Among the most successful ways to combat tax evasion and safeguard the integrity of tax systems has long been thought to be the exchange of information. The multilateral Convention on Mutual Administrative Assistance, Bilateral tax treaties, as well as, more lately, the Global Forum on Transparency and Exchange of Information have all previously made it easier to exchange information.

With the adoption of the European Directive in Administrative Cooperation in the Field of Taxation (DAC) in 2011, the exchange of information became formalised at a European level. With the recasting of the Directive and the introduction of DAC2, which incorporates the guidelines of the OECD's Common Reporting Standard and establishes a system of automated sharing of financial account information, the Directive's scope of application was dramatically broadened in 2014. The EU established reporting requirements on intermediaries in order to reveal reportable cross-border agreements in 2018 under DAC62, which might possibly include components of aggressive tax planning and trigger certain hallmarks.

Various kinds of digital assets and extra revenue streams have emerged in recent years as a result of the growth of the digital economy and new e-commerce-related services. It became apparent that the structure for information exchange needed to be modified to take into account current trends and advances.

Digital platform-driven growth in the sharing and gig economies has given rise to new economic actors who conduct their operations outside of the norm. Digital platform operators with connections in the EU are required to recognize specific sellers and report information about sellers, as well as related actions under the DAC7 Directive. The rental of immovable property, both commercial as well as residential property, the sale of goods and personal services, and the rental of any means of transportation, when performed for payment, are among the activities involved. Platforms are required to provide information about "reportable sellers," for example, individuals, businesses, or other legal arrangements, who engage in a relevant activity and that either live in the EU or rent out real estate in a EU Member State. The first reporting is anticipated by January 31, 2024, while the Directive's provisions should go into effect on January 1, 2023.

The EU has established regulations to create a Central Electronic System of Payments (CESOP), demanding payment service providers (PSPs - as defined under the Payment Services Directive 2) to comply with the guidelines in order to combat another type of tax evasion in this case VAT fraud. CESOP may be viewed as another DAC-like proposal, despite being an amendment to the VAT Directive. PSPs must submit payment data, on a quarterly basis, to their local tax authorities. These authorities will exchange this information with other EU nations in a central database known as CESOP (Central Electronic System of Payment information). On January 1, 2024, CESOP will go into effect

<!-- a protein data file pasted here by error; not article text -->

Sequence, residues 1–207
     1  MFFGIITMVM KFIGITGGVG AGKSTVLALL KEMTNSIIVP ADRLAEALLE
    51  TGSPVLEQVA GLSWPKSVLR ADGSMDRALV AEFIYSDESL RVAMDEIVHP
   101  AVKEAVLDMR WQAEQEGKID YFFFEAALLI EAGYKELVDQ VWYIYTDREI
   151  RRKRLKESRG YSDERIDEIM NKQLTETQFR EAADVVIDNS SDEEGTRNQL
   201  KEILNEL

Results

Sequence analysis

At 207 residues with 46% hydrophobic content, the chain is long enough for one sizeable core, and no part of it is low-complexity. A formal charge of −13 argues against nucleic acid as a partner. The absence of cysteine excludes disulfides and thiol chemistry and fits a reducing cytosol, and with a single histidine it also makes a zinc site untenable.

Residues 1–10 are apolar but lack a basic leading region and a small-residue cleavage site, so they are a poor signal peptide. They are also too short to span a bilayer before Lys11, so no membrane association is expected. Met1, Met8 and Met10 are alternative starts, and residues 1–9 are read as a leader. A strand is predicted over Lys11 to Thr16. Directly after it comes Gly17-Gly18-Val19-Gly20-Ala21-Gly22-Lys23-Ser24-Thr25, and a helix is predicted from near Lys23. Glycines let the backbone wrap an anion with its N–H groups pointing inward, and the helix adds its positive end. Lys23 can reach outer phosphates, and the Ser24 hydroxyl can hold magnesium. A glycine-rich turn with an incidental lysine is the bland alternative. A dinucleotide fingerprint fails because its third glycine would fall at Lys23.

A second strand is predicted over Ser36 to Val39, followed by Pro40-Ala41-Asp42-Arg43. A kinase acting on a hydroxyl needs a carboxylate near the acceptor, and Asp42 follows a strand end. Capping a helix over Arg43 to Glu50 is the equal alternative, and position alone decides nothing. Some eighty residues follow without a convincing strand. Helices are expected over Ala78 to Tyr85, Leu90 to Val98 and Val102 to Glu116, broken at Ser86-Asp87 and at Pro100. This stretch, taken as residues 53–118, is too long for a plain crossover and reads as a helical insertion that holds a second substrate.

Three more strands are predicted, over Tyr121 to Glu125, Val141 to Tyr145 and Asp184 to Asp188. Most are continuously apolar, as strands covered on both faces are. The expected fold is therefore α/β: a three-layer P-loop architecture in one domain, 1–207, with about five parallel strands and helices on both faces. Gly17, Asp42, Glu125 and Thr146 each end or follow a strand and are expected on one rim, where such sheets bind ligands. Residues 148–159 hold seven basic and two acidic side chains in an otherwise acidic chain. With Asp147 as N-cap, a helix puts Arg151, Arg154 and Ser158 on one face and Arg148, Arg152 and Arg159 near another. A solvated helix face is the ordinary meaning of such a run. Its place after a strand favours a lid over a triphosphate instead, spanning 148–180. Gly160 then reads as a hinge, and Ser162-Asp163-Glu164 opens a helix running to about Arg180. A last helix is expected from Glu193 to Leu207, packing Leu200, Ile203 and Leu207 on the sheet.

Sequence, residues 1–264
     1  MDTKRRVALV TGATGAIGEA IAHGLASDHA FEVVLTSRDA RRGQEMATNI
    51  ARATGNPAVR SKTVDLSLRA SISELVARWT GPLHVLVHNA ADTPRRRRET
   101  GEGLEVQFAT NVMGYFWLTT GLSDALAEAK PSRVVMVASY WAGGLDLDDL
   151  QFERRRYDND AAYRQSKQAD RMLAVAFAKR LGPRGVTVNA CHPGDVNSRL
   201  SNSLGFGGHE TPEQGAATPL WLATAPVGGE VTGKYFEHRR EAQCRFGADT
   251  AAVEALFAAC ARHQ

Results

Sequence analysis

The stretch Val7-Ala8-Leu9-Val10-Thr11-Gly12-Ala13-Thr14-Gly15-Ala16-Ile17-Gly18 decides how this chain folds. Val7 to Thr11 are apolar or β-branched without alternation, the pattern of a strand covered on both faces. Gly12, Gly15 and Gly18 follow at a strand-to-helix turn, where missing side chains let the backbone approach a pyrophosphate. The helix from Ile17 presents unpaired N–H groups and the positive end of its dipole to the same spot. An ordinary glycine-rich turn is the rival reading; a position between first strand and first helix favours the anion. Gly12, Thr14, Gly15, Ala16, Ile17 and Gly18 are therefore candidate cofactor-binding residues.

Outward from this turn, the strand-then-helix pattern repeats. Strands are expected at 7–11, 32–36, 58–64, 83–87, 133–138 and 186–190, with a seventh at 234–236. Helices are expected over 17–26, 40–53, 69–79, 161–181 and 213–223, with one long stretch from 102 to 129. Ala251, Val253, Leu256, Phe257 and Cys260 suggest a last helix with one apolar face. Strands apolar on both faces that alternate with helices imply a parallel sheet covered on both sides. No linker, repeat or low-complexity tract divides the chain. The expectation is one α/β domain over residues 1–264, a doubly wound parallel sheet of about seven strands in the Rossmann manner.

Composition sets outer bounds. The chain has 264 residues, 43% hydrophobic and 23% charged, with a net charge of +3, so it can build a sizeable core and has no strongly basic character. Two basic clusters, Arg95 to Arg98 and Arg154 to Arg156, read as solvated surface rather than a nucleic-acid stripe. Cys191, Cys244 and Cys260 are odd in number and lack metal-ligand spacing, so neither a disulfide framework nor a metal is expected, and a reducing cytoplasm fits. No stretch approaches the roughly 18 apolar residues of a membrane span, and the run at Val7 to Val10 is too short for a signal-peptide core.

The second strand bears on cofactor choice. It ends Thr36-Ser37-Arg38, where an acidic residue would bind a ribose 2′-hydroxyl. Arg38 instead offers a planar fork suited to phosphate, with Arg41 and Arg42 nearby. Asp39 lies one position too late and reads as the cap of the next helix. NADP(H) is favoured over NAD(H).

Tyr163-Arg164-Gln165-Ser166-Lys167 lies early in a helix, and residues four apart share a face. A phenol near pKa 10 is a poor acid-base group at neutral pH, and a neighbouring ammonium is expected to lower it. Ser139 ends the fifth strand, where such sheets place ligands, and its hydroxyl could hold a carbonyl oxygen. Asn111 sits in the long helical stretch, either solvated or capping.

Despite the latest "crypto crash," there have been concerns about taxpayers not comprehending the tax duties related to investing in crypto assets and e-money, given the significant increase in investment in these areas in recent years. Evidently, this increased the likelihood that taxes would go unpaid in intentional or even unintentional ways. The DAC8 Directive, which is likely to implement new laws requiring all financial institutions, including e-money institutions, crypto exchanges, and other platforms, to disclose transactions on a yearly basis, is the EU's response and another connection in the DAC chain. The proposed regulations have an undeniably massive scope, particularly in terms of the kinds of digital assets that are included in the proposed framework. The OECD released their final report for a new Crypto Assets Reporting Framework at the exact time, in October 2022. This report reveals new and modified reporting standards encompassing the reporting of e-money and crypto-assets. Additionally, more extensive changes to the current Common Reporting Standard (CRS) are also suggested. From 2024 forward, OECD is anticipated to press for adoption on a worldwide scale.

Although the details of each of the foregoing frameworks will vary, a similar method of operation is expected. The automatic sharing of information amongst tax authorities will enable them to identify under-declared as well as non-declared income. From a procedural perspective, impacted organizations will be required to modify their current procedures or perhaps even implement new ones for the purpose of collecting, validating documentation, identifying, classifying, and monitoring their client base, as well as reporting particular information to the appropriate tax authorities by means of a data control process.


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